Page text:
"Birdman or (The Unexpected Virtue of Ignorance)" Review

Title: Birdman or (The Unexpected Virtue of Ignorance)
Director: Alejandro González Iñárritu
Starring: Michael Keaton, Zach Galifianakis, Edward Norton, Andrea Riseborough, Amy Ryan, Emma Stone, Naomi Watts
Studio: Fox Searchlight Pictures
Genre(s): Comedy/Drama
Rated: R (For language throughout, some sexual content and brief violence)

Alejandro González Iñárritu's “Birdman or (The Unexpected Virtue of Ignorance)” may just be the biggest middle finger to the superhero genre and the public's love for costumed vigilantes Hollywood has released to date. We've seen satires, parodies, and even Marvel's own “Guardians of the Galaxy” seemed to find amusement in its own existence as a film. For all their popularity everyone sees superheroes for what they are: Kids movies for adults who never grew up in the first place (sorry, but it's true). They also aren't exactly art (unless Christopher Nolan is directing, in which case you can forgive the silly premises). Yet they make money. They are big. This is where Hollywood spends their money they apparently don't make every year. You can jump on the bandwagon and sacrifice your art for money, or you can choose your art and lose your relevance.
Riggen Thomson (Michael Keaton) is in the latter of these two scenarios. He rose to prominence playing a superhero named Birdman but walked away from doing a forth film because he felt he couldn't be taken seriously if he did this for too long. Now he is sinking his life savings into a Broadway play to prove to everyone that he is a serious actor and a real artist. Yet wherever he goes all people call him is Birdman. Birdman, Birdman, Birdman. He's so famous in the role that he is giving an interview to international journalists about his play, but the only time they come alive is when he mentions that he walked away from “Birdman 4” (to which the interviewers get excited as they think he is going to be donning his suit once more).

What's more frustrating is that his play isn't being taken seriously until method actor Mike Shiner (Edward Norton) joins the show. He might cause anarchy on the set, but there is no denying he has the talent to help make the show a hit. All throughout the process there is a strong sense of dread. For some of these people it's their first big break. For Riggen personally, it's his last chance to prove that he's somebody once more. Will he be able to do that when he can't even convince the people closest to him that he's worthwhile? That's a question he can't seem to answer for himself. If you have been watching superhero movies you may notice that most of the cast members in this film have been in their own superhero franchises. Edward Norton was the Hulk for one film and Emma Stone was Spider-Man's girlfriend. Michael Keaton himself is the standout as he played Batman for a few years.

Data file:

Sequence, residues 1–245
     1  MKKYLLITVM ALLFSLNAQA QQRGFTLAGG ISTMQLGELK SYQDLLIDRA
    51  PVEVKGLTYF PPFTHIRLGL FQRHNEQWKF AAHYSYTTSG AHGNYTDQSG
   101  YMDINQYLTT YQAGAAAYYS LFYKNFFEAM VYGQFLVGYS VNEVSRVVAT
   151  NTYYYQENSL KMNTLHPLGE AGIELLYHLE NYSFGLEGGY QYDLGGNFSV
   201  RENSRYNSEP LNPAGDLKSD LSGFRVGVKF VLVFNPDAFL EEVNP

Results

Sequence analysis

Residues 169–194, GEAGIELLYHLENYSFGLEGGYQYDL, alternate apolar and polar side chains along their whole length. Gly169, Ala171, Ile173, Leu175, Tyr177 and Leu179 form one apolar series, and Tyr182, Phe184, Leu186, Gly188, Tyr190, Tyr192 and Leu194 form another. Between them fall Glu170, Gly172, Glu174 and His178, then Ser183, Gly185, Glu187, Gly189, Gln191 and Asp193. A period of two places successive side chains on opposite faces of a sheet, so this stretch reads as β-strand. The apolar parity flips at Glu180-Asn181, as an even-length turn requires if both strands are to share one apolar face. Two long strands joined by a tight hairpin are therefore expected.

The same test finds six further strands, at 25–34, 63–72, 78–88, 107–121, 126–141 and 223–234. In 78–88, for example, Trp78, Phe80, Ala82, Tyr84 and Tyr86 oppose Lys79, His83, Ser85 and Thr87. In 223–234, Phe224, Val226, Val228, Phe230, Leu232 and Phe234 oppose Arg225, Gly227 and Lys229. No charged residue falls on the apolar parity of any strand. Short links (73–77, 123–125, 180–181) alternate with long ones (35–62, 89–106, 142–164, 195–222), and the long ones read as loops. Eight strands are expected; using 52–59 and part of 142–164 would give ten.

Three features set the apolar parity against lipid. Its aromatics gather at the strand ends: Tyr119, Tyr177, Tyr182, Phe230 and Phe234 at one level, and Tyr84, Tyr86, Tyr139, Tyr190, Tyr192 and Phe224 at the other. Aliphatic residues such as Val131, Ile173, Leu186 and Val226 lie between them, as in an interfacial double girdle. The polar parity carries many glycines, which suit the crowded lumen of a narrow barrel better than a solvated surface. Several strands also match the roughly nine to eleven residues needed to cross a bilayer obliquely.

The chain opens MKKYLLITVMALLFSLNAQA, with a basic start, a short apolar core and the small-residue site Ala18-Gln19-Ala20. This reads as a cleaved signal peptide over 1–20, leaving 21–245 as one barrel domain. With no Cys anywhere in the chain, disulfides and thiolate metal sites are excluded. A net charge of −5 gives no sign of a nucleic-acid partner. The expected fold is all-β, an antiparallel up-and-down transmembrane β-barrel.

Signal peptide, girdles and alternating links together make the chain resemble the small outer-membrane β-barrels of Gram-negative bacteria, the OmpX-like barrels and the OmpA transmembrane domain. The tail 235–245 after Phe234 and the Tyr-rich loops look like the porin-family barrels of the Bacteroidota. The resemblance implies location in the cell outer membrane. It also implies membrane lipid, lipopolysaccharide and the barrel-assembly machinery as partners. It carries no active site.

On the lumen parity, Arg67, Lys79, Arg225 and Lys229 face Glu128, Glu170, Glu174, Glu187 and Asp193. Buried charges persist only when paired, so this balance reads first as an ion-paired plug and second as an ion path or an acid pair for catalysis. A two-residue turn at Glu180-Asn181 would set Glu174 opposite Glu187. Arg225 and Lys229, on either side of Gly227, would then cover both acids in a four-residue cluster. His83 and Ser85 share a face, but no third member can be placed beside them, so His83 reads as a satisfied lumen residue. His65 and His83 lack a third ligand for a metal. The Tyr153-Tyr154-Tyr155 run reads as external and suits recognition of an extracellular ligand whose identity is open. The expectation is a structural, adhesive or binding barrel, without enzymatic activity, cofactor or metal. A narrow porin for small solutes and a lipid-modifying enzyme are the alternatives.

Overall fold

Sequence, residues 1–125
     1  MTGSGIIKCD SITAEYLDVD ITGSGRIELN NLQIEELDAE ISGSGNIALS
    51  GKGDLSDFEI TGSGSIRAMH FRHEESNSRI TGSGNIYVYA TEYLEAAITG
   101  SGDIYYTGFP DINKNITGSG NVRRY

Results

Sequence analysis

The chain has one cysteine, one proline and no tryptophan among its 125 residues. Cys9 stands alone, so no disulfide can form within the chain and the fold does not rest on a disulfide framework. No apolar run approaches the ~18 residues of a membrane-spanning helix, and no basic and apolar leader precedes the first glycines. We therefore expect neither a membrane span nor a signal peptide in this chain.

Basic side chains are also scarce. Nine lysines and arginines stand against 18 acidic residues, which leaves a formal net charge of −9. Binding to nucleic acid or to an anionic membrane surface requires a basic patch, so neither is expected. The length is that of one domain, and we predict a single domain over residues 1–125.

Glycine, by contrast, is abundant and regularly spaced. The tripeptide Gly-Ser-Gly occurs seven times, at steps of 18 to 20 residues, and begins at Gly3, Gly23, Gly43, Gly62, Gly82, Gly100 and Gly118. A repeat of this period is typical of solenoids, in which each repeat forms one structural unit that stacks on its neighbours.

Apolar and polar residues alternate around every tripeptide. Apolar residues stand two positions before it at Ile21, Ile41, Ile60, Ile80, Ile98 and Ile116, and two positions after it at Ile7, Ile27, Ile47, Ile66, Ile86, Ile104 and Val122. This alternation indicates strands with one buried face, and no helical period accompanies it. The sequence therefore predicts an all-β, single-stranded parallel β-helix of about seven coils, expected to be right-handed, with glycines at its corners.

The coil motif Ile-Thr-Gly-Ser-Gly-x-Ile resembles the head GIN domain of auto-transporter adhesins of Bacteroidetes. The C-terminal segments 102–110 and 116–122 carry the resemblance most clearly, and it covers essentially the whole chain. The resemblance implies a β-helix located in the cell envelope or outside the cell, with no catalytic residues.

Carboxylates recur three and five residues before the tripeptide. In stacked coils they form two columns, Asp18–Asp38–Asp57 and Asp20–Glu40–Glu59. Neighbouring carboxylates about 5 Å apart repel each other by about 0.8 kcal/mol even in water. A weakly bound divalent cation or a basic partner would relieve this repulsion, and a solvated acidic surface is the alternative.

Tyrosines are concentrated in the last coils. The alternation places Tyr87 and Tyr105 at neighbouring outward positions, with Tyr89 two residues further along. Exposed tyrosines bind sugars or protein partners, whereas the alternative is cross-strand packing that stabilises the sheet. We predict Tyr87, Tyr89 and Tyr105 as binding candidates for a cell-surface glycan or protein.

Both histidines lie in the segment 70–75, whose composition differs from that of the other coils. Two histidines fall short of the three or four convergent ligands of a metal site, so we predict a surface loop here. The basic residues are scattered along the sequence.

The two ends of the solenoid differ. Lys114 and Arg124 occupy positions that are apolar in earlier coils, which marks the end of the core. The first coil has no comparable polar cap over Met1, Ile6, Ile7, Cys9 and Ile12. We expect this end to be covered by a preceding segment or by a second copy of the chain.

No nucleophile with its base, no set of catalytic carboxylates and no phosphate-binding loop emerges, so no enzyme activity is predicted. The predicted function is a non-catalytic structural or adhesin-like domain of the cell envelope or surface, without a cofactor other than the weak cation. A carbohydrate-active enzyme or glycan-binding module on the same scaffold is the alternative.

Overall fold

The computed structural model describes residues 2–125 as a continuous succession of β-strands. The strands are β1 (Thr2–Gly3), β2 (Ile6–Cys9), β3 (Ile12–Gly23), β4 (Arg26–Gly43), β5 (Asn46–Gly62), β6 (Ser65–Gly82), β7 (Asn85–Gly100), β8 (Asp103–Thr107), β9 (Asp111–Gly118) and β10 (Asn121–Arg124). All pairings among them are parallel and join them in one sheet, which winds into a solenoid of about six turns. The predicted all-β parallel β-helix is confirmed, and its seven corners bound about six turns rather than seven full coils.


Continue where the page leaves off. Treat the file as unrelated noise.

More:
Once he decided to move on from those films to make “real movies” again he found himself unemployable, and his starlight faded fast. He has since retooled his career so that he is an effective supporting actor. With this film he is the lead once more, reviving his career by effectively criticizing what made him world famous in the first place. His performance as Riggen is volatile and high strung. He acts like a person who is on speed while also suffering from bi-polar disorder. He even hears his Birdman character talking to him in his head, and he fights desperately to not let the voice convince him that he's a worthless loser. I suspect that alcoholics and former drug users will find a lot to relate to in these scenes. As someone who has suffered from severe depression and anxiety attacks I can testify that this is how those low points look like in your head.
To make the movie all the more tense is the fact that Iñárritu shoots the film to look like it is all one continuous take. I'm sure some editing trickery covers up what must have been multiple takes to make this, yet the result is a film that just feels like it's living in the moment. “Birdman or (The Unexpected Virtue of Ignorance)” is one of the most ambitious films of the year and it makes a strong case that superhero films probably are ruining good art. In fact, if the film didn't tap into the latest craze, I wonder if Iñárritu would have been able to get this (I'm going to say it) “meta” film financed at all. The film exists though, and it's a great one! I think Keaton should just be given the Oscar for Best Actor right now and I hope this leads to other artful films he can star in in the future. Sadly, as “Birdman or (The Unexpected Virtue of Ignorance)” is only all too aware, this is likely the best we're going to see for a good while.

Parents, there is strong language, sexual content, and disturbing images. Recommended for ages 17 and up.